Trailblazers learn valuable lessons in tough loss
There was no safety net. The training wheels were off. The baby steps were replaced with an accelerated stride.
The young Sierra Canyon girls basketball players had to grow up fast.
Sierra Canyon was forced to replace five Division 1-bound players and nine players overall entering an uncertain season changed dramatically by the pandemic. Only two players returned who had logged varsity minutes.
Yet Sierra Canyon’s youngsters found a way to rise and deliver a remarkable 18-5 campaign, one that saw them uphold the program’s proud legacy by forging a three-way tie for first place in the Gold Coast League to earn a share of its third consecutive league title while continuing to compete against Southern California’s elite.
“To play a high level of basketball with a brand new team in such a short amount of time, that’s what I’m most proud of,” Sierra Canyon girls basketball coach Alicia Komaki said. “To have six freshmen on the court ready to produce is a testament to our kids to buy into what we were telling them and a testament to our coaching staff to prepare them.
“We did not drop off too much.”
In fact, it took a dramatic 3-pointer by Esperanza’s Alyssa Kubo with 7 seconds left to knock off the young-gun Trailblazers in the CIF Southern Section Division 1 quarterfinals en route to an improbable run to the Division 1 final.
For as much growth as Sierra Canyon exhibited this season, it experienced massive growing pains against Esperanza as it could not maintain a 17-point halftime lead and a four-point lead with 40 seconds left.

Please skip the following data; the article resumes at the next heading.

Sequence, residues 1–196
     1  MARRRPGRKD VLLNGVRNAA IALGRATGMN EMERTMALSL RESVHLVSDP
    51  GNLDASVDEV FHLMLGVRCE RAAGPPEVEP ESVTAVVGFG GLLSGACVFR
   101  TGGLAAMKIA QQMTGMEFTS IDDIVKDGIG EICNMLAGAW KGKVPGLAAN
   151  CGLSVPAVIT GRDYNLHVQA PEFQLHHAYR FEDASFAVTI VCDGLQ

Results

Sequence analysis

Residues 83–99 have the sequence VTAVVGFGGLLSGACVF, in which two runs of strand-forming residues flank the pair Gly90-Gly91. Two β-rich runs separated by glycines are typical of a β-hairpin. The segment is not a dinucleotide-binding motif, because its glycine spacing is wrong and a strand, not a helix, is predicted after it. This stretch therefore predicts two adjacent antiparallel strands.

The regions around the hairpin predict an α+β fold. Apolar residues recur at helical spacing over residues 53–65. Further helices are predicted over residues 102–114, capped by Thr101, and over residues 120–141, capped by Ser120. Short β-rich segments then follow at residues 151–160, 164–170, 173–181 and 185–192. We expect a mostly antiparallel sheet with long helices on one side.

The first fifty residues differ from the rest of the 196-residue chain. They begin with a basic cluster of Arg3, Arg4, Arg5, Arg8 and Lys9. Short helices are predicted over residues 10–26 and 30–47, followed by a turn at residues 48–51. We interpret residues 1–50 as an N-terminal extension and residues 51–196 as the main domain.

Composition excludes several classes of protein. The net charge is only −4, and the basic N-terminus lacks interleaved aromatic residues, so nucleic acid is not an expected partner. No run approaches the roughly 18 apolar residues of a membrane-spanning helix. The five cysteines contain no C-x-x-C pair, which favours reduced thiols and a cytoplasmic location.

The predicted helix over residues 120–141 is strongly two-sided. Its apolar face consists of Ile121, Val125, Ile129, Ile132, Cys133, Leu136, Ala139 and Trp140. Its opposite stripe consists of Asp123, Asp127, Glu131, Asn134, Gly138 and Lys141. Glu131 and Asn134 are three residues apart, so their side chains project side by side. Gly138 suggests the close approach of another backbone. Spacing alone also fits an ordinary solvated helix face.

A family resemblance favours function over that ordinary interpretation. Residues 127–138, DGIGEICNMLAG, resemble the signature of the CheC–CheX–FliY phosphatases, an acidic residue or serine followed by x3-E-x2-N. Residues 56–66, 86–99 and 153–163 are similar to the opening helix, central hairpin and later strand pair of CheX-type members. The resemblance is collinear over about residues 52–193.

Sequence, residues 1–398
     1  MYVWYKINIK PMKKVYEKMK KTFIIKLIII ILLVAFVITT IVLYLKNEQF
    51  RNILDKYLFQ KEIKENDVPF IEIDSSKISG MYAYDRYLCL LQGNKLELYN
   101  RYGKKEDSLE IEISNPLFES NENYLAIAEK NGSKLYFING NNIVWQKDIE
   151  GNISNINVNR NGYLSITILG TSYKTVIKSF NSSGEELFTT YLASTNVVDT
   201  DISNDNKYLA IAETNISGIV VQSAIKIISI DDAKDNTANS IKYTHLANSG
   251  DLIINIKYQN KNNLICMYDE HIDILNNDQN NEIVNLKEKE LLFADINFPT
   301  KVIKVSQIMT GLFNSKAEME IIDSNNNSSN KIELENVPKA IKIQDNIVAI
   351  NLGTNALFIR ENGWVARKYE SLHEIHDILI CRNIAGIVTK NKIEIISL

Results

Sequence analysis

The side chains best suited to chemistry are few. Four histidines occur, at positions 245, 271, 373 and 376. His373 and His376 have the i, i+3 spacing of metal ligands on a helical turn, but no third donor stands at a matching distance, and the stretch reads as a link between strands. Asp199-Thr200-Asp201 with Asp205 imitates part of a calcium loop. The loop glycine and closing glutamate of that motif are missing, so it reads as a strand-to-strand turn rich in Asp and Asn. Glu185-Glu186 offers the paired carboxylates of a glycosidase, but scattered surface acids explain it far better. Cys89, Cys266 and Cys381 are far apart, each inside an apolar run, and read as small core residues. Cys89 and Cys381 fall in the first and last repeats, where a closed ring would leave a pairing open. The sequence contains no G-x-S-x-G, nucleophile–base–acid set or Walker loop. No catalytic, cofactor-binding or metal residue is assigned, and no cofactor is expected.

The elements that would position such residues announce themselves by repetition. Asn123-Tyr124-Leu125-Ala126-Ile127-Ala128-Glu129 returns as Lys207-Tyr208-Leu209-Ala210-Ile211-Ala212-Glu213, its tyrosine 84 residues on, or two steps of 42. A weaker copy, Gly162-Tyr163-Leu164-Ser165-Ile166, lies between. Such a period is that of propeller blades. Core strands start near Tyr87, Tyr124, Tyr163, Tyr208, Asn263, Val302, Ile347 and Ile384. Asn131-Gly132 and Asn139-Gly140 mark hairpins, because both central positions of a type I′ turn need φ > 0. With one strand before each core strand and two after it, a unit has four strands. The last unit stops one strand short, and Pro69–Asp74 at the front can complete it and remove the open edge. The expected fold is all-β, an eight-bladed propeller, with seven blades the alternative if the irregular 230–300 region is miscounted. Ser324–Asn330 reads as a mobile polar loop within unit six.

“We had a great year, a fantastic group, but the most disappointing thing was that it was boom and it was over,” Komaki said. “We weren’t in the Open Division where we could play three games. If you lose in the first or second round, that was it. They were playing with that pressure.
“It shocked our kids. I hope there was a big lesson learned.”
Sierra Canyon had racked up quality win after quality win throughout the season: Sage Hill, Camarillo, Orange Lutheran, Aliso Niguel, Crescenta Valley, Birmingham, Palisades, McFarland, Chaminade, Alemany and Burroughs.
It snuffed out Long Beach Wilson 55-46 in the first round and King High 41-30 in the second round before being unable to shake Esperanza.
Yet it was a 66-61 loss to Gold Coast League rival and state powerhouse Windward on May 4 that Komaki said showed their mettle.
“That’s a testament to our culture,” Komaki said. “We had our lone senior try to explain the importance of that game, the league championship and playing at Windward. And Windward was still Windward.
“It was understanding the moment, playing at that high level, competing and being unafraid – it was cool to see.”
It helps that Sierra Canyon’s young corps was packed with talent.
Freshman MacKenly Randolph led the charge and established herself as one of the nation’s blue-chip recruits. NCAA finalist Arizona, Elite 8 finalist Louisville and Michigan are among the schools that have already offered scholarships to Randolph.
“She’s going to go wherever she wants to go,” Komaki said.
Sophomore Sofia Ruelas – who gained valuable experience playing alongside last year’s college-bound lineup – served as a catalyst and a guiding hand.
Freshman Izela Arenas carved out her role as the team’s lockdown defender and was also the team’s second-leading scorer and rebounder before sustaining an ankle injury that cost her the final eight games of the season.
Freshman Christy Reynoso and senior Tamia Murphy also had standout campaigns.
“It’s always disappointing when you end your season on a loss – especially the way we did – but we still had a very good year,” Komaki said. “I’m excited about our future.”